Welcome to The Flawless Project interview series! Contributor Jessica Newsome came up with the idea to start interviewing flawless women in different careers and life places and asking them seven questions about life, career, feminism, dreams and goals, and more. Naturally, we thought Jessica would be the perfect person to answer the questions first!
Jessica Newsome was TFP’s co-founder Emily’s upstairs neighbor for a brief stint in Chicago. They met fortuitously over back porch beers and have been friends ever since. Jessica still lives in Chicago and is a social worker at a non-profit specializing in job training and work force development. Jessica holds degrees in psychology and social work and has been writing regularly for The Flawless Project since October 2015.
1) Did you know about The Flawless Project before today? How did you hear about The Flawless Project? What drew you to it?
I read it about it through my old upstairs neighbor, Emily. I think what drew me most to this project was the idea that I can be both a masterpiece and a work in progress as the same time. I think sometimes I’m hard to be around because I am very hard on myself, and can be hard on the people around me when I think something could be better. I’m very driven—but part of that means I’m also driven to acceptance and celebration of the hard things I’ve learned and accomplished. I think The Flawless Project does a great job of highlighting that.
2) What do you do as a career? How did you decide what to do with your life?
I’m a social worker. I don’t know that I decided to be a social worker so much as I realized I needed to start getting paid for always taking care of people. I’m the oldest of a large homeschooling family and I grew up in a small homeschooling community that was pretty rocked by the screw ups of the adults around us. I’ve always taken people in and tried to provide a safe space for people who are hurt to heal, grow, and thrive. So, I got myself over-educated on the subject and started getting paid to do the work I’ve always done.
3) What do you think is the biggest myth about being a woman that you had to overcome?
Honestly, there are a lot. Like I said, I like to think of myself as a pretty hard person, largely because I’ve always regarded some of the softer aspects of femininity to be weakness. I think that’s been hugely influenced by my upbringing—and it’s something I have to work really hard to remember. Fragility and vulnerability aren’t the absence of strength—sometimes they’re the biggest markers for it. Thankfully, I have a lot of flawless women in my life who have helped me learn that lesson—over and over and over again.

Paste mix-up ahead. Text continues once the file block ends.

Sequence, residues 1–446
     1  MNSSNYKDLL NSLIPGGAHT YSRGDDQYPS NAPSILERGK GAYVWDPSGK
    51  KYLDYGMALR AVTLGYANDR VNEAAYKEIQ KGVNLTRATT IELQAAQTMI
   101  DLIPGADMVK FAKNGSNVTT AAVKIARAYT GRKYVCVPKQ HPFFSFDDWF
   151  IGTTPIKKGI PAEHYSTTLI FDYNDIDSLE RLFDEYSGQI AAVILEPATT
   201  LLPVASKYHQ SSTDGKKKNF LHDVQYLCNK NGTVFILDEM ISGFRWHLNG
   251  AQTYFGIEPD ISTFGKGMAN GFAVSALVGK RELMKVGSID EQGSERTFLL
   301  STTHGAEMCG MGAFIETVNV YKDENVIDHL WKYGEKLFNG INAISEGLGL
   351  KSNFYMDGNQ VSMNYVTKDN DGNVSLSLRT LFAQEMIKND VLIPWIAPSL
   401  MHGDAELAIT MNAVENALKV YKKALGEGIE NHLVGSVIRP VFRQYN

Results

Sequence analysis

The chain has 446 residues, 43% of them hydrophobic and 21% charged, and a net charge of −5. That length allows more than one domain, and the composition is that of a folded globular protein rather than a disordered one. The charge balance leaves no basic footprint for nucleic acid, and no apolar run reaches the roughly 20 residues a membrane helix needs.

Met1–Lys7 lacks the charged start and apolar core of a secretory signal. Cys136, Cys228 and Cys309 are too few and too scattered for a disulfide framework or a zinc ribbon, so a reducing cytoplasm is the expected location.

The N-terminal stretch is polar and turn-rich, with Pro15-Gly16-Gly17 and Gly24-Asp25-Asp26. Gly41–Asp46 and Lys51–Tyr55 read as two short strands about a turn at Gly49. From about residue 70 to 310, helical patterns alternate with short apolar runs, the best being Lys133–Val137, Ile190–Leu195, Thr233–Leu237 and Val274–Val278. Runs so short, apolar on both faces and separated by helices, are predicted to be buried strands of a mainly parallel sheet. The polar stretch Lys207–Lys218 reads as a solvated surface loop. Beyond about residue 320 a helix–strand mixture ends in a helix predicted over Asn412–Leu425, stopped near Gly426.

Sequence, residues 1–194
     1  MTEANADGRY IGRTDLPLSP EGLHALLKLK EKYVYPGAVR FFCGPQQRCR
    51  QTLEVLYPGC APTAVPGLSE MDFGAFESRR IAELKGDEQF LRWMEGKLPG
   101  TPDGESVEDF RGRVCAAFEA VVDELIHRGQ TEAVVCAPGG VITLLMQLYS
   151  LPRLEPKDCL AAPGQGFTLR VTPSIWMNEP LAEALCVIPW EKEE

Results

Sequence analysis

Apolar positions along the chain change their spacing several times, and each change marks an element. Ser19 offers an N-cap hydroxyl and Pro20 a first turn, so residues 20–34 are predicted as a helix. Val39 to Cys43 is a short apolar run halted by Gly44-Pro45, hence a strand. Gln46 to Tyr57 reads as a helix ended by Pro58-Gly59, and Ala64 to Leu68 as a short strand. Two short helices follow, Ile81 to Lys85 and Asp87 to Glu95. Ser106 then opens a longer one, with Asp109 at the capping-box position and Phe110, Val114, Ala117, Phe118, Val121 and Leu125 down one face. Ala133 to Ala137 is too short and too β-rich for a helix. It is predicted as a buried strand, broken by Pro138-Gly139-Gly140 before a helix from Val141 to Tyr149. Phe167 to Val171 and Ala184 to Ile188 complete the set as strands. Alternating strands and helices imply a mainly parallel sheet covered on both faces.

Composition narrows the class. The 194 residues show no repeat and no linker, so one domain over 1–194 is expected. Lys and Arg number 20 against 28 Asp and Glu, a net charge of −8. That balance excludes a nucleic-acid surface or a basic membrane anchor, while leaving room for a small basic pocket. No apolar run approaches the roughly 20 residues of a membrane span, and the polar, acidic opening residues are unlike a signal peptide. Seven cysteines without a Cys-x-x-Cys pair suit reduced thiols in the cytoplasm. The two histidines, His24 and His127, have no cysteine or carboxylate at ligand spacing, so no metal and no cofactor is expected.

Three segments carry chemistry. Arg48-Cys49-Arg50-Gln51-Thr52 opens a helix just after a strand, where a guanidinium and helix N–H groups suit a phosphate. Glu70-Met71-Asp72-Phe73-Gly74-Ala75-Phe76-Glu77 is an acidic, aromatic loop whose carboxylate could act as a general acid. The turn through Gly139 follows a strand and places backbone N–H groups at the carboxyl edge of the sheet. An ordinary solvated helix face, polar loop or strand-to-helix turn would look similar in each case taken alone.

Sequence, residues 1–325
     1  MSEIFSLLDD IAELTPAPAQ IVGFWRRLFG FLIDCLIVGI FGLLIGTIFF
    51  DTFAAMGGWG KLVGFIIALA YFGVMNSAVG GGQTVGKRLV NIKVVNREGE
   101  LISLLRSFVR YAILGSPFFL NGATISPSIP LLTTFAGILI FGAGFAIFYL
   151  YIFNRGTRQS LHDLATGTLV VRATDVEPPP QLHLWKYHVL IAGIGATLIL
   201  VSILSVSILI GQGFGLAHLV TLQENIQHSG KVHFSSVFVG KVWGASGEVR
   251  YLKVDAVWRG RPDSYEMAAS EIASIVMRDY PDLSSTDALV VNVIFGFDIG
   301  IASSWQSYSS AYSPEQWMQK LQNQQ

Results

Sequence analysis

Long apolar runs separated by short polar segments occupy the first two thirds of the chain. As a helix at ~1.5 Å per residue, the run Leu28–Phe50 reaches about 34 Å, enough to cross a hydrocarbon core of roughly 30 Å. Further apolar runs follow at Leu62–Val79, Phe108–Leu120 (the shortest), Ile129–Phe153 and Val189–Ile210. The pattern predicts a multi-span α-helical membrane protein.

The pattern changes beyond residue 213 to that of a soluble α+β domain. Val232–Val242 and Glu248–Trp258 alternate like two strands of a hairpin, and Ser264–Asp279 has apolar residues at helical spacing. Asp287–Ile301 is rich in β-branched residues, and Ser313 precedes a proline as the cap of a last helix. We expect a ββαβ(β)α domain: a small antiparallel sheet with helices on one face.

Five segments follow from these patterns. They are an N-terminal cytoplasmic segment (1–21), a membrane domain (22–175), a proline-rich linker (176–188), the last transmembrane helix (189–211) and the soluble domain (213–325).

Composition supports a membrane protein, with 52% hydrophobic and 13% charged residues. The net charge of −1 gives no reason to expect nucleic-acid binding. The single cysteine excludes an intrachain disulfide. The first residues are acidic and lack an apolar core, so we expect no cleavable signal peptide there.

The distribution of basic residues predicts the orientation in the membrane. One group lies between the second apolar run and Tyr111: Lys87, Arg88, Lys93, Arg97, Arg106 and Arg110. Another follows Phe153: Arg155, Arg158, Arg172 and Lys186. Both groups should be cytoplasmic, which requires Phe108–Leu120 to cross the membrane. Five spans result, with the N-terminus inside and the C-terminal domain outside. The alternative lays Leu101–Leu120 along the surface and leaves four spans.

4) What myth would you most like for society to change about how women interact with each other and the world?
If we can break the myth of “lady hate” I think we’d accomplish so much more. I had to make myself stop saying that I didn’t get along well with other girls—firstly, because it wasn’t true! But then also because I realized there was a lot of sexism in that. I realized somewhere in college, I think, that another person’s beauty and confidence didn’t take anything away from my own—but that when I loved, respected, and learned from another woman’s beauty and confidence, I grew more as a person and so did they. I would not be who I am without the women in my life and I’m not really interested in hating another woman because she isn’t me, or because a guy is interested in her when I’d rather he be interested in me. I’m not saying that is easy—it’s something that I have to remind myself of all the time. But as one of my really good friends reminded me lately, when you take care of yourself and prioritize being healthy as an individual, those feelings of competition and bitterness become a lot easier to understand and let fade away. I remember after I broke up with my college boyfriend, I said to him, “I just want you to know, that whoever you love next, I’m going to have to love. Because I know what it’s like to love you—and there’s no one else in the whole world who will understand her the way that I do.” When you realize that there’s no point in shitting on another woman to make yourself look better, you have to grow up. And it’s a good thing to do that. That doesn’t mean I agree with everything a person does or says just because they’re a woman. But I’m able to think about where feelings of dislike or frustration are coming from and make sure it’s not just because this person is “the other woman” in my career path, my romantic life, or my social butterfly tendencies.